HikeCampHikers: Bettina, Kelly, Judy, Maria, Suzanne (Bettina and Judy camped 2 nights, the rest only one night)

Travel Time from Austin: 4 hours

Campsite: After looking over all eleven tent campsites we settled on site 14. Since there isn’t any big advantages to one site over the other, our main concern was finding one with places for 5 tents. 14 was the winner. An armadillo, Olive Sparrows and a cardinal were there to welcome us.

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A friendly armadillo came by for a visit.

Bird of the Trip: A pair of  Olive Sparrows  greeted us on our first morning. Along with our warm fire and fresh cup of coffee it made for a great start to our day of hiking. In the US, Olive Sparrows are only found in south Texas.

Hiking: We arrived at the park at 12:30 on Saturday just in time for the cave tour. After the tour we did a short hike Saturday evening from our campsite to Seargeant Memorial Trail. It’s a short, easy loop with a great view of the hill country. On Sunday we combined a hike up and back the Barbado Ridge Trail and The Long Way Home Trail. After finishing the Barbado trail we headed west on the road towards the trail head for The Long Way Home Trail and found no trail head marker. There is a marker at the east end of the trail. The Long Way Home trail is long but not difficult. Later Sunday evening we hiked a combination of the Pine Canyon Loop to the Vireo Vista trail. It was a beautiful evening hike with good views. Below is a detail of the park trail map with our hikes highlighted, here is a link to the park map.

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Bettina, Suzanne, Judy and Maria on The Long Way Home Trail. Photo by Kelly

 

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View along the Barbado Ridge Trail.

Highlights: Not being a big fan of dark places especially on a beautiful sunny day I was a little hesitant about the guided tour of Kickapoo Cavern. It ended up that we had an interesting, authentic, and fun adventure that definitely should not be missed when visiting the park. I truly could not see my hand in front of my face when our tour guide asked us to turn off our lights while deep into the cavern. The towers of flow stone where impressive and tales of the history of the cave stirred our imaginations. The tour takes about 2 hours, cost $10 and requires reservations. More info here.

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Descending carefully along the rocky trails inside Kickapoo Cavern.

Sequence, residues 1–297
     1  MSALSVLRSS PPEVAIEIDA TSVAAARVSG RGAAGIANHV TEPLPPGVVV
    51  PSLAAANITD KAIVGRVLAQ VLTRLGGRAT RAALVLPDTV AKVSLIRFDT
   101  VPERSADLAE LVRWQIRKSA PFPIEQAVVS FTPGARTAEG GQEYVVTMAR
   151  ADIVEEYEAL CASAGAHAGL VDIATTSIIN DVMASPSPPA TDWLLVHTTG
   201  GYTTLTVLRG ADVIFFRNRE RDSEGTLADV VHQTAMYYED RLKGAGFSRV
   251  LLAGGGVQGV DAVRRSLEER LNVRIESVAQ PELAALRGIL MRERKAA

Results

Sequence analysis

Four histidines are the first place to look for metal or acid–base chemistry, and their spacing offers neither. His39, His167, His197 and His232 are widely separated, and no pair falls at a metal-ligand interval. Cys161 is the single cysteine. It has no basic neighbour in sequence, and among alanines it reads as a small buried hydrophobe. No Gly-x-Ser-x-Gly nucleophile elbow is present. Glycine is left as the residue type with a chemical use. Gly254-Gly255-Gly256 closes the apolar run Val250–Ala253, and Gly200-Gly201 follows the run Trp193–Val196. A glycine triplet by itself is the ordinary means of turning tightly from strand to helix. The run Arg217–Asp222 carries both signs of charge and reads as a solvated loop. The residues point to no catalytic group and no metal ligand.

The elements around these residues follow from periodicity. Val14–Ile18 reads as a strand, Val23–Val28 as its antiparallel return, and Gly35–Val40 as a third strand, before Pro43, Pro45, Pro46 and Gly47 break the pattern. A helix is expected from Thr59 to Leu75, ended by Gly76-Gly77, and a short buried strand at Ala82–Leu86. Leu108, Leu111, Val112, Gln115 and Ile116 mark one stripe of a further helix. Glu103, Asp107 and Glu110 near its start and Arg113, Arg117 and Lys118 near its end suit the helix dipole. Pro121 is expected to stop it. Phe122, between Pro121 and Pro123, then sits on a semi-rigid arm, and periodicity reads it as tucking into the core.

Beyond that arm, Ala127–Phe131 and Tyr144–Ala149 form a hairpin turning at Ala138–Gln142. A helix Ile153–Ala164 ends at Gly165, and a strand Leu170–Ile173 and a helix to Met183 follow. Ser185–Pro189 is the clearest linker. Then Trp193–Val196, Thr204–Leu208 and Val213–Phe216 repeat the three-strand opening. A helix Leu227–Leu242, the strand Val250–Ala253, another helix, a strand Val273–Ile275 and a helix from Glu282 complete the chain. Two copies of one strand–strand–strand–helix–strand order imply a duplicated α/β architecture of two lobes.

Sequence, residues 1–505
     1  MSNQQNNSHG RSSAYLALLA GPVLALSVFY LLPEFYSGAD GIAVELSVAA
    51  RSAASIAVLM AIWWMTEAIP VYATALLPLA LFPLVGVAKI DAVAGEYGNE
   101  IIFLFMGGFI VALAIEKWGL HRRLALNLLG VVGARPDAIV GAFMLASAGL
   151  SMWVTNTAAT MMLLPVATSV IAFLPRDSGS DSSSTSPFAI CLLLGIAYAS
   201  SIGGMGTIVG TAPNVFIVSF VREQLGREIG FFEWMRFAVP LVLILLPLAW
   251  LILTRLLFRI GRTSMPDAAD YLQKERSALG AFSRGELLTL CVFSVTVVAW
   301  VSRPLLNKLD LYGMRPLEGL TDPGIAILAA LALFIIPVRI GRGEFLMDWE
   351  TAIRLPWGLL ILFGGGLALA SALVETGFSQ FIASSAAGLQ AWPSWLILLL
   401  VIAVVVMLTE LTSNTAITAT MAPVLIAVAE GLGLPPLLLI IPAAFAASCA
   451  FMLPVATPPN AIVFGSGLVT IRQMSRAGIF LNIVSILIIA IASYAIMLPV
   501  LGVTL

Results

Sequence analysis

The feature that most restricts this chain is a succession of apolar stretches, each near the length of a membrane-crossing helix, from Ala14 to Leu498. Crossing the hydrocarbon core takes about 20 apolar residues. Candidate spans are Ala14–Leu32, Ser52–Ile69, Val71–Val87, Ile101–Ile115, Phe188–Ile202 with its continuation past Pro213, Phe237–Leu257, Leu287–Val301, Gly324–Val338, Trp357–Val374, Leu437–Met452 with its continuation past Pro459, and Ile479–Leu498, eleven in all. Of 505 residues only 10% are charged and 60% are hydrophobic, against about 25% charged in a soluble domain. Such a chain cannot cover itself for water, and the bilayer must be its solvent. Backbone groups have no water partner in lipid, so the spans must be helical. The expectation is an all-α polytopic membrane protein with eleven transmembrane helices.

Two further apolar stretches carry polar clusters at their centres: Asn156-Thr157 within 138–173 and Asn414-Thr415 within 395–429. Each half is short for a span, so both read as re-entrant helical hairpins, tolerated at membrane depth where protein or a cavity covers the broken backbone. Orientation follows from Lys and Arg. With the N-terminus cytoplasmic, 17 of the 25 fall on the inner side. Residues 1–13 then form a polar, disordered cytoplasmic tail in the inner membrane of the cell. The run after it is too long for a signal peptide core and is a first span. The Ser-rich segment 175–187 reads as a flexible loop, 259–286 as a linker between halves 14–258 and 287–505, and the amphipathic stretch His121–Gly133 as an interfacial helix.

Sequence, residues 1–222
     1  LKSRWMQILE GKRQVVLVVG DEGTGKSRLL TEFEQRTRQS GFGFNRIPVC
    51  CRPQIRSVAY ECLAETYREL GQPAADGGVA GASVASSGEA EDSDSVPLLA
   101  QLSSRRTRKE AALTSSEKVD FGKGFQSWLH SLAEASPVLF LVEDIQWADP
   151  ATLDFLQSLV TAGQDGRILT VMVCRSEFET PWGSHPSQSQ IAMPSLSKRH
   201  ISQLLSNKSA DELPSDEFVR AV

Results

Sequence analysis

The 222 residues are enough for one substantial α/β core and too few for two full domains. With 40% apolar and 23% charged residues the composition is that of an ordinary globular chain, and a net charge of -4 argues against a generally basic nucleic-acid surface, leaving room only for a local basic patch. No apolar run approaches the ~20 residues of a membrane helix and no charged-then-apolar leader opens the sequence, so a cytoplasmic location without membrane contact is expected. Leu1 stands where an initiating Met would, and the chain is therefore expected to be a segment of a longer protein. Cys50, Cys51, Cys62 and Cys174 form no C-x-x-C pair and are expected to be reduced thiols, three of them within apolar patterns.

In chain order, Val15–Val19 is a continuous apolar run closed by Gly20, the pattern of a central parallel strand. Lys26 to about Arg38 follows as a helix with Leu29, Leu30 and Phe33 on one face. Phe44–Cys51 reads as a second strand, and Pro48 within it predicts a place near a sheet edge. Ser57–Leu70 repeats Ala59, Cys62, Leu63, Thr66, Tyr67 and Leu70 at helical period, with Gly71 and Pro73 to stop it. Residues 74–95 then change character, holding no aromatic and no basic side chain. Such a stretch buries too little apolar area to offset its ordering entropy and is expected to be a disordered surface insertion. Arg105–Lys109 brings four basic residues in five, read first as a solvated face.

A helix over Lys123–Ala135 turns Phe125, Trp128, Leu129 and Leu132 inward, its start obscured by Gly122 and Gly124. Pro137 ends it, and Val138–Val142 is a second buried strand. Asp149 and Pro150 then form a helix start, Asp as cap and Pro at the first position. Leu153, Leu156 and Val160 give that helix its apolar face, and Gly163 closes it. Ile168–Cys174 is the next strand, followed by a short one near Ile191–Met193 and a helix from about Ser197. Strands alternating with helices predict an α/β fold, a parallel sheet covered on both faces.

Photos:

See all the photos from the Kickapoo trip here.

Canyon of the Eagles Nature Park

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Kelly and Bettina hiking at Canyon of the Eagles Nature Park

Destination: Canyon of the Eagles Nature Park

Date: December 12 & 13, 2014

HikeCampHikers: Bettina, Kelly, Maria and Suzanne

Travel Time from Austin: 1 hour

Campsite: Site 3 at Tanner Point, car camping site with no water or electric

Hiking: Saturday’s hike combined Peacock Loop (1.8 miles) and Juniper Ridge Loop (3.5 miles) east of the entrance to the park. On Sunday we hiked west of the entrance including Faris Lookout Trail (2.2 miles) Lakeside Trail (2.9), Rocky Point Trail and Bird and Butterfly Trail. Below is the hiking trail map for the park with our hikes highlighted. Here is link to the park map.

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Highlights: Campsite was very large, lots of room and private. In years past our campsite would have been a stone’s throw from the lake, but due to the draught, the area is covered in scrub and bushes. The LCRA park at Canyon of the Eagles has nice hiking trails that are well marked and include some good elevation. They also have amenities which campers can take advantage of at the Canyon of the Eagles resort. The best part of the campout was going to the Austin Astronomical Society Observatory where they had a big telescope set up. We happened to be there the night of a great meteor shower and we also saw stars in the Andromeda Galaxy which is the next one beyond the Milky Way.

Rae Lakes Loop – Kings Canyon National Park

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Judy, Bettina, Suzanne, Maria and Kelly on day 1 between Mist Falls and Paradise Valley.